--- In

primenumbers@yahoogroups.com,

"bhelmes_1" <bhelmes@...> wrote:

> i make sure that a is a quadratic residuum by

> calculating a^[(p-1)/2]=1 with p=3 mod 4

Your web page makes the following claim:

> you get a certificate (g, a, p)

> In order to prove the certificate only one Selfridge

> is needed because a^((p-1)/2) = 1 mod p has to verify

> and (gA)^2=1 mod p has to verify.

(where A^2 = a mod p)

You make no reference to the Lucas test in your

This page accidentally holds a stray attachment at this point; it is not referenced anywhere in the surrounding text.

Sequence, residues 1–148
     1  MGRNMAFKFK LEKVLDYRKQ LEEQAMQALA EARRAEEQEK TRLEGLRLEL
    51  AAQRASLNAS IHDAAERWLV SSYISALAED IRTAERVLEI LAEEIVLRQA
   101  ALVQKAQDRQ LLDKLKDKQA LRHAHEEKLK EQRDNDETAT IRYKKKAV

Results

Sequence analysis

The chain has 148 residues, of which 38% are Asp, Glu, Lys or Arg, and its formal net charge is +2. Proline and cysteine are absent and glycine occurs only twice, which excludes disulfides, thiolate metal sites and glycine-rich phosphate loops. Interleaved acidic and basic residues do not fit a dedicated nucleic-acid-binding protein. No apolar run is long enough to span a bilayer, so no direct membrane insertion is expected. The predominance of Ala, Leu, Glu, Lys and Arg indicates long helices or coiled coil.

final "certificate". So all that you seem to

require for a final "proof" is that

1) p = 3 mod 4

2) kronecker(a,p) = 1

3) a^((p-1)/2) = 1 mod p

4) g^2*a = 1 mod p

or in Pari-GP the test

{cert(g,a,p)=p%4==3&&kronecker(a,p)==1

&&Mod(a,p)^((p-1)/2)==1&&Mod(g,p)^2*a==1;}

\\ Example:

g=3588;a=16;p=14351;

if(cert(g,a,p)==1,print("Helmes says "p" is prime"));

Helmes says 14351 is prime

So you seem to have a problem, since 14351 is not prime.

It is thus quite wrong to claim a 1-selfridge certificate.

Rather I believe that you have a 3-selfridge PRP test

that proves compositeness when it fails, yet does

not prove primality when it succeeds.

David